Lucid navigation directions
Current navigation systems are very much based on a distinct device, that presents the information either in the form of an LCD screen or a Heads Up Display (HUD). The HUDs in place are currently only able to display the information in 2D. This limits both the current forms of communications of navigation directions to virtual reality (VR), and not augmented reality (AR).
We created a video prototype for a navigation system based on the assumption of the availability of an advanced HUD that is able to project information in 3D, and is able to correct for the driver’s eye movement by adjusting for the parallax effect. (Devices such as the Microsoft Kinect has already shown that this is possible).
Current GPS map data is already detailed enough to be able to guide drivers into specific lanes to prepare them to take an exit. This information can be utilized and integrated within an AR environment where navigational ‘arrows’ are projected on the HUD in a way that is in alignment with the driver’s view of the world ahead of them.
The arrows will grow, shrink, and change perspective, as the car moves through the environment, and adjust for parallax as the driver moves their head. In case of an obstruction ahead, the arrow changes color to indicate a change of scenario and alert the driver to take evasive or precautionary action. The directions are 3D-mapped to the road ahead instead of showing a static direction with the usual countdown to the next significant maneuver, and is therefore able to precisely pinpoint to the driver which maneuver to execute next, and at what time. On arriving at the destination, this system is conceptualized to pinpoint the exact location of the object of interest in the driver’s field of vision.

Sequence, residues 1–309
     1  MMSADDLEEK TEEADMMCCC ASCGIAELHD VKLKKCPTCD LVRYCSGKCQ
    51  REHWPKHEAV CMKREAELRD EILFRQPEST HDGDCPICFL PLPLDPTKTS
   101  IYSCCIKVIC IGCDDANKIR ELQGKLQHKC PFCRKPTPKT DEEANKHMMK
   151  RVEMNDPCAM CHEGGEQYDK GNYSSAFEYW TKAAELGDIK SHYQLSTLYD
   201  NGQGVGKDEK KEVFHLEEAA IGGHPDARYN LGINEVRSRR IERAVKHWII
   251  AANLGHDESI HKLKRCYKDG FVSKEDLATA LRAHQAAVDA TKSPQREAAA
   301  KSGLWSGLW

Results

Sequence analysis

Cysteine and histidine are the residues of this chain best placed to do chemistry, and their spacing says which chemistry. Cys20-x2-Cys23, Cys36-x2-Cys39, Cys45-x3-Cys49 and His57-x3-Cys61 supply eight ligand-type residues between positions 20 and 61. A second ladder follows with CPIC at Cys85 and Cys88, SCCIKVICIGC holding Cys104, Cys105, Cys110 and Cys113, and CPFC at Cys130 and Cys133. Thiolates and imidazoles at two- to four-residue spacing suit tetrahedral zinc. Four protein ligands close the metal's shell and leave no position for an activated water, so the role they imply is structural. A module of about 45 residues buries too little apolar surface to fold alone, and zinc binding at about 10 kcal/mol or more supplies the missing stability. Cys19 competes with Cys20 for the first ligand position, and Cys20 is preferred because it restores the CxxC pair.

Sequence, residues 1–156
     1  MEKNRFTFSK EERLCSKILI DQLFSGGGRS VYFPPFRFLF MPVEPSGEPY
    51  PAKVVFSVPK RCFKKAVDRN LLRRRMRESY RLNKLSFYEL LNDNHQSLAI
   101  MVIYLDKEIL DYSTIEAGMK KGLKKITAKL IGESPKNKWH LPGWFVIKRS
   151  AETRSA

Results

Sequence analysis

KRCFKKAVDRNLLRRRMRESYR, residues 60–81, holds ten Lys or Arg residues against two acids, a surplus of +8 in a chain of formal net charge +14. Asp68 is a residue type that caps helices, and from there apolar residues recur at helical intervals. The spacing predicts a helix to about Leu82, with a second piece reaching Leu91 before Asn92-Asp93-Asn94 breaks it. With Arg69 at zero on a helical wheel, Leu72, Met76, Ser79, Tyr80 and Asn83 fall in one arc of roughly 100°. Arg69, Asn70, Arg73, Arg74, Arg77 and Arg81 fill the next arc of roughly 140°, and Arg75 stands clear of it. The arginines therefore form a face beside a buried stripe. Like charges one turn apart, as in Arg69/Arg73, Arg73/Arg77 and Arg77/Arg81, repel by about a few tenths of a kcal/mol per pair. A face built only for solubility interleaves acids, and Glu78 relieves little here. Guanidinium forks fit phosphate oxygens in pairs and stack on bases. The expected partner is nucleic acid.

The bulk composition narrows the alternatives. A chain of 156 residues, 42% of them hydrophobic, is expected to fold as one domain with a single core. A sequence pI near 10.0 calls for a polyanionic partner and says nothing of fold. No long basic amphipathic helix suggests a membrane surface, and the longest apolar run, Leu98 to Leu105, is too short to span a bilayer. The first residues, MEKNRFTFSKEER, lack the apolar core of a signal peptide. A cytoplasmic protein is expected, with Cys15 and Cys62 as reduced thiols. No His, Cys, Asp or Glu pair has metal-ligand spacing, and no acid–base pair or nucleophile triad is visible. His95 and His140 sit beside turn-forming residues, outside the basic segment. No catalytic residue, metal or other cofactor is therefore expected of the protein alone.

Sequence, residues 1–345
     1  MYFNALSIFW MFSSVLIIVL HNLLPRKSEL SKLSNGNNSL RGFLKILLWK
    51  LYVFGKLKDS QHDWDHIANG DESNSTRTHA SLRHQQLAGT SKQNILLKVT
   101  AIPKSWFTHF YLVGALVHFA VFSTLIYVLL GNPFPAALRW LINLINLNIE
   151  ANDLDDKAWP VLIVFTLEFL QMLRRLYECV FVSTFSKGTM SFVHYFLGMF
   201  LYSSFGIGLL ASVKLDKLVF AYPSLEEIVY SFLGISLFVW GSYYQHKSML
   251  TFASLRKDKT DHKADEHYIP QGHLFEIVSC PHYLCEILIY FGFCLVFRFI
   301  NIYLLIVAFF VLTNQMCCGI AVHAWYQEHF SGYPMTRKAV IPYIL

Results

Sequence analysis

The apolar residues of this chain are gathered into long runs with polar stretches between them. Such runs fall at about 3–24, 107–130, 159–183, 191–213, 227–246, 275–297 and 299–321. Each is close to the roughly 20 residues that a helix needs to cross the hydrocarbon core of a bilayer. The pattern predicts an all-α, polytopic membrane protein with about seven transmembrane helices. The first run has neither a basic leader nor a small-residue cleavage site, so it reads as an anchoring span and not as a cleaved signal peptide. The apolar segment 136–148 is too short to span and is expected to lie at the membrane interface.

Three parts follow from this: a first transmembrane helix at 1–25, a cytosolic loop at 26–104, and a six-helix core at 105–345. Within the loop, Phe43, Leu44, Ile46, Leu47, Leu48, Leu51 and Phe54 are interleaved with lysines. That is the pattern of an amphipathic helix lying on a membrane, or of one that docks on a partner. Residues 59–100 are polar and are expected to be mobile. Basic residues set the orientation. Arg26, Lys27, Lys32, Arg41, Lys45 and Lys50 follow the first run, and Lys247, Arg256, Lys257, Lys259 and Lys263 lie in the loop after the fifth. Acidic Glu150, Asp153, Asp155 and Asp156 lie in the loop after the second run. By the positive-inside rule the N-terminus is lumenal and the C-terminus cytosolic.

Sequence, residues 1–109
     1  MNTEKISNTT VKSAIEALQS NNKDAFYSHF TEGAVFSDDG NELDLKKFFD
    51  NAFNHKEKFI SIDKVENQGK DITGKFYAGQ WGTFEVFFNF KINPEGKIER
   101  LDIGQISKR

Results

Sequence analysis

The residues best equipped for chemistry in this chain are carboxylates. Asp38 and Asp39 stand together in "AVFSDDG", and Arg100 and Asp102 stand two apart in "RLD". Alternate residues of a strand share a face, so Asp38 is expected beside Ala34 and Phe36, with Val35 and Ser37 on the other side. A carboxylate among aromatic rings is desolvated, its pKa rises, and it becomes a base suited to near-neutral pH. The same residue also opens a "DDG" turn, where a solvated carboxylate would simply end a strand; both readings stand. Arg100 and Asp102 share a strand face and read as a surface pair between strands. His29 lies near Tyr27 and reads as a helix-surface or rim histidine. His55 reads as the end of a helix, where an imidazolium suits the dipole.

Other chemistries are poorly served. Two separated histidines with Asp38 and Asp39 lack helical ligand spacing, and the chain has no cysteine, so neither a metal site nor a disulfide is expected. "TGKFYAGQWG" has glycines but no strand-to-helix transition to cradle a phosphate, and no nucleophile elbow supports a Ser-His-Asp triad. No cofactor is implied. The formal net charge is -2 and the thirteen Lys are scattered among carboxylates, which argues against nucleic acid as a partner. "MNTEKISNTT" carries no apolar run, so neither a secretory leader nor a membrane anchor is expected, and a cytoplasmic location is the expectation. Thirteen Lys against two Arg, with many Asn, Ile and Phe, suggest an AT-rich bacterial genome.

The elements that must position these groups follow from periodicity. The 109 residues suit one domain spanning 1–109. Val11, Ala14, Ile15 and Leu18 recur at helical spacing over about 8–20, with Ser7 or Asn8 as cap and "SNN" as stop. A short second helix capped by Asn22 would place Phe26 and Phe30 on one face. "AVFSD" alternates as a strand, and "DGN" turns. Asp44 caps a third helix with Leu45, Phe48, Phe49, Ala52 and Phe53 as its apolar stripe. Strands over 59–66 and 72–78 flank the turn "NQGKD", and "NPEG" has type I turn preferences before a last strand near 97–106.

We performed research and analysis on the quality and positioning of these navigational arrows and created a video prototype for it.
We procured a driver’s perspective from video footage of a GoPro camera mounted on a driver’s head as he drove a car in city and highway traffic. We augmented this footage with the help of Adobe AfterEffects, and Adobe Premiere to create a video prototype of the concept. Because of the difficulty in expressing the complex nature of our concept, we explicitly made our prototype evidently low fidelity so that it is adequately able to express the thought and functionality behind the concept, while making it clear that it doesn’t correspond to the vision of how the final product would look and feel.
CONTINUED INDEPENDENT WORK
While most people are willing to be driven to their destination under the right circumstances by a fully autonomous (NHTSA Level 4) vehicle, lack of trust in the car is one of the major factors in people’s hesitance towards acceptance of this technology. In this context, it is important for the car to give the passengers the sense that they are aware of the car’s intentions, and are able to take control at any time, or even tell it “how” to drive within their comfort zone. My ongoing research involves exploration of concepts in which an autonomous vehicle can communicate subtle behavioral aspects in driving such as intent, which is above and beyond the communication of simple navigational directions.